PETALING JAYA: Tycoons on the 2023 Forbes list of Malaysia’s 50 Richest saw their combined wealth increasing to US$81.6bil (RM376.3bil) from US$80.5bil (RM371.2bil) a year ago.
The marginal increase of 1.4% in their collective fortunes came despite a dip in the stock market and the decline in the value of the ringgit.
Overall, 19 fortunes were up and nearly half were down, according to a statement from Forbes Asia.
Forbes Asia noted that despite Malaysia’s post-pandemic revival, the stock market fell 8%, and the ringgit was down by nearly 2% since the fortunes were last measured.
The Kuok Group founder Robert Kuok held on to his title as Malaysia’s richest person, a position he has held for more than a quarter of a century.
Kuok, the biggest gainer in dollar terms this year, was one of only two persons on the list with a double-digit fortune of US$11.8bil (RM54.4bil), up from US$11bil (RM50.7bil) last year.
The other was Tan Sri Quek Leng Chan, executive chairman of Hong Leong Group, who remained as the second richest, with a fortune worth US$10.2bil (RM47bil), up from US$10.1bil (RM46.6bil) last year.
Metals magnate Tan Sri Koon Poh Keong and his siblings remained in third place, with a combined wealth of US$5.8bil (RM26.7bil), down nearly 7% from US$6.2bil (RM28.6bil) last year.
This was in line with the fall in the share price of their company, Press Metal Aluminium Holdings Bhd, South-East Asia’s largest integrated aluminum producer, amid higher raw material and freight costs.
Taking the fourth spot was T Ananda Krishnan of Maxis Bhd, whose net worth rose US$400mil (RM1.8bil) to US$5.4bil (RM24.9bil).
Forbes Asia noted that among the big gainers on this year’s list were father-and-son duo, Tan Sri Yaw Teck Seng and Datuk Seri Yaw Chee Ming, who control Sarawak timber giant Samling Group.
They jumped to No. 16 from No. 32 last year, as their wealth more than doubled to US$1.25bil (RM5.8bil) on new information about their private assets.
Former math teacher Chia Song Kun, executive chairman of his family’s seafood firm, QL Resources Bhd, returned to the rank at the No. 10 spot with a net worth of US$1.8bil (RM8.3bil) after a seven-year gap.
This was driven by a nearly 20% rise in the company’s shares and the inclusion of his broader family’s stakes.
Meanwhile, Forbes Asia noted that two private equity-backed tycoons got a boost from landmark deals.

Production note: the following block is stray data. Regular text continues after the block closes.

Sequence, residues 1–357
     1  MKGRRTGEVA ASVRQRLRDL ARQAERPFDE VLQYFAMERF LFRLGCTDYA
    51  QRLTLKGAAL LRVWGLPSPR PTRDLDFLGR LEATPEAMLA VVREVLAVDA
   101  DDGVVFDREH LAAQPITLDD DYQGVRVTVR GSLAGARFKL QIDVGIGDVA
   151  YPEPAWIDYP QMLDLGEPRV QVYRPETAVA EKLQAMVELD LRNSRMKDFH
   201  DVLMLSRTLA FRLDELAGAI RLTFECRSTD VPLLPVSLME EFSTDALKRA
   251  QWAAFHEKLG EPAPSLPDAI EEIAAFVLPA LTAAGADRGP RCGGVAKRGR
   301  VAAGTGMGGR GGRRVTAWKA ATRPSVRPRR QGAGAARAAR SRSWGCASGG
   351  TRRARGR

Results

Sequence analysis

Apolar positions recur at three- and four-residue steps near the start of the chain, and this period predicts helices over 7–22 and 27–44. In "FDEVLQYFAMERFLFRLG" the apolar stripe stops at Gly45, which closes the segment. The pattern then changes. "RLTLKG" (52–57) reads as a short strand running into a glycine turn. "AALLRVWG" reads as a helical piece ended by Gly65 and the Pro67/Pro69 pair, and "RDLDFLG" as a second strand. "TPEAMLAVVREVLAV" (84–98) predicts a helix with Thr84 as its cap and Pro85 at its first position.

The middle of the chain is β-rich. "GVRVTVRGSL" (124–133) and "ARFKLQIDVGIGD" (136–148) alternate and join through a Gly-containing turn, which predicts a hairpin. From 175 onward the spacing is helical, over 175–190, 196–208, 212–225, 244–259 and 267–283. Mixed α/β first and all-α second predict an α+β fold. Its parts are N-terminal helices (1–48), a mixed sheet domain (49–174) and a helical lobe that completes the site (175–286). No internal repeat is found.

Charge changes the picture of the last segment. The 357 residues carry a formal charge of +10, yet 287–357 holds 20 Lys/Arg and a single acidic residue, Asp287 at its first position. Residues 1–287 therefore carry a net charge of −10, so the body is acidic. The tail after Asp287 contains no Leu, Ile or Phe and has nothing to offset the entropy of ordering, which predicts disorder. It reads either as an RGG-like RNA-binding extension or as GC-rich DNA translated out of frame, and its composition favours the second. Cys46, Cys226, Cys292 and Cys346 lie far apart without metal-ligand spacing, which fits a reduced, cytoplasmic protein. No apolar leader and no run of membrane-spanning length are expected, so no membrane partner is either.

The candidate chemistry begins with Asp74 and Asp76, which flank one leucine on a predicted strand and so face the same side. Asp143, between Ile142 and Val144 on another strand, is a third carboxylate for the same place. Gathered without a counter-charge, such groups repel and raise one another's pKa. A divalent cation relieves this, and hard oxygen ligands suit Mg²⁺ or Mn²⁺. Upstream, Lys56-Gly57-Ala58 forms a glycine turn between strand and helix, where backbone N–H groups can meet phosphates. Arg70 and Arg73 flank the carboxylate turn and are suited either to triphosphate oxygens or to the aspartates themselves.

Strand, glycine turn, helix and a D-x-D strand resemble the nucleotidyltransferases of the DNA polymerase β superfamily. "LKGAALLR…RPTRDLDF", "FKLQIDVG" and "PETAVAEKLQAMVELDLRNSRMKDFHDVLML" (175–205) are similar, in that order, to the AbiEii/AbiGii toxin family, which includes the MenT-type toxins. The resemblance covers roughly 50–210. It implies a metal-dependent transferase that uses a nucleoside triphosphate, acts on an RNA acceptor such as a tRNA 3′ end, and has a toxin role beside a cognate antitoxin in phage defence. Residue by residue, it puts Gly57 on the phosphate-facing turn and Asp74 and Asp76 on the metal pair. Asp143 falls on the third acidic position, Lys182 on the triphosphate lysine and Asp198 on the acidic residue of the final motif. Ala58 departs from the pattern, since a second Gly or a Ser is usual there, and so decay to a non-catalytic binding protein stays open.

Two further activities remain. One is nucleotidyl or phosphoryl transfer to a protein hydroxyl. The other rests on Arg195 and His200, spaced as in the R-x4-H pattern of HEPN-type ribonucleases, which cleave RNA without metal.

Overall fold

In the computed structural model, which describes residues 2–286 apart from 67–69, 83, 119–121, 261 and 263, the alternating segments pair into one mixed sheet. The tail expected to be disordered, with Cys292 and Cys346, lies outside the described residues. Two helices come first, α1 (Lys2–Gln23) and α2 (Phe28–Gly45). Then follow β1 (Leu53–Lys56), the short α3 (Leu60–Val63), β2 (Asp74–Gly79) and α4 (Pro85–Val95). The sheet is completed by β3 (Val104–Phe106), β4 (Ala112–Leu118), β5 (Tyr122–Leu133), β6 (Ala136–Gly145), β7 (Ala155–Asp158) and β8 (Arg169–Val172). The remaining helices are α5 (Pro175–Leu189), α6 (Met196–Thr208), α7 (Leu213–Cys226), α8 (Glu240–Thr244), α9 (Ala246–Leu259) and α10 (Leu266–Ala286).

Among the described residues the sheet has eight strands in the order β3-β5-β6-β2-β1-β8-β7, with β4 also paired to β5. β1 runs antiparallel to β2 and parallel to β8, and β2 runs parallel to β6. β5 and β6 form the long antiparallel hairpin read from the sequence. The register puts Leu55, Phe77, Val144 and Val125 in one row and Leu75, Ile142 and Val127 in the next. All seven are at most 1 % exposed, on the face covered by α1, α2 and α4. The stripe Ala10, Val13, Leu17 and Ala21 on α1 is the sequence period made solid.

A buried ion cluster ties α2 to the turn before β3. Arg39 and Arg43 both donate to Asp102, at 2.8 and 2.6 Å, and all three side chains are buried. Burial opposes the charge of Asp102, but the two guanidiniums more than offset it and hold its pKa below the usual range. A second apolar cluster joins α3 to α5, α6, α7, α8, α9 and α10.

Tan Sri David Kong Hon Kong, founder of funeral services provider Nirvana Asia Group, ranked No. 23, with a net worth of US$860mil (RM4bil), after a boost from the proposed sale by private-equity firm CVC Capital Partners of its stake at an estimated valuation of US$2bil (RM9.2bil).
Tan Sri Syed Azman Syed Ibrahim, whose Weststar Aviation Services Sdn Bhd operates the second-largest offshore services helicopter fleet in Asia-Pacific, bought back investment firm KKR & Co Inc’s 21% stake, and was now ranked No. 24 richest, with a net worth estimated at US$825mil (RM3.8bil), up 27% from last year.According to Forbes Asia, the five new faces in the Malaysia’s 50 Richest list this year included property magnates Datuk Seri Chiau Beng Teik, founder of Chin Hin Group, at No. 29 with a net worth of US$665mil (RM3.1bil); and Datuk Dr Yu Kuan Chon, a medical doctor, who runs his family’s YNH Property Bhd, at No. 39 with US$430mil (RM2bil).
The other newcomers are Datuk Ong Soon Ho, founder of agrochemicals group Hextar Global Bhd, at No. 32 with US$630mil (RM2.9bil); and Goh Nan Kioh, who owns investment firm Mega First Corp Bhd and has a stake in D&O Green Technologies Bhd, which makes light-emitting diodes for the automotive sector, at No. 40 with US$425mil (RM1.9bil).
Forbes Asia said the fortune of the late Tan Sri Teh Hong Piow, a veteran banker and founder of Public Bank Bhd, who died in December 2022, was now listed under his children, the Teh siblings. They ranked the fifth richest, with US$5.2bil (RM24bil).
Forbes Asia said Malaysia’s economy was expected to grow at a more moderate pace this year, after registering a robust growth of 8.7% in 2022 on the back of a rebound in domestic consumer spending.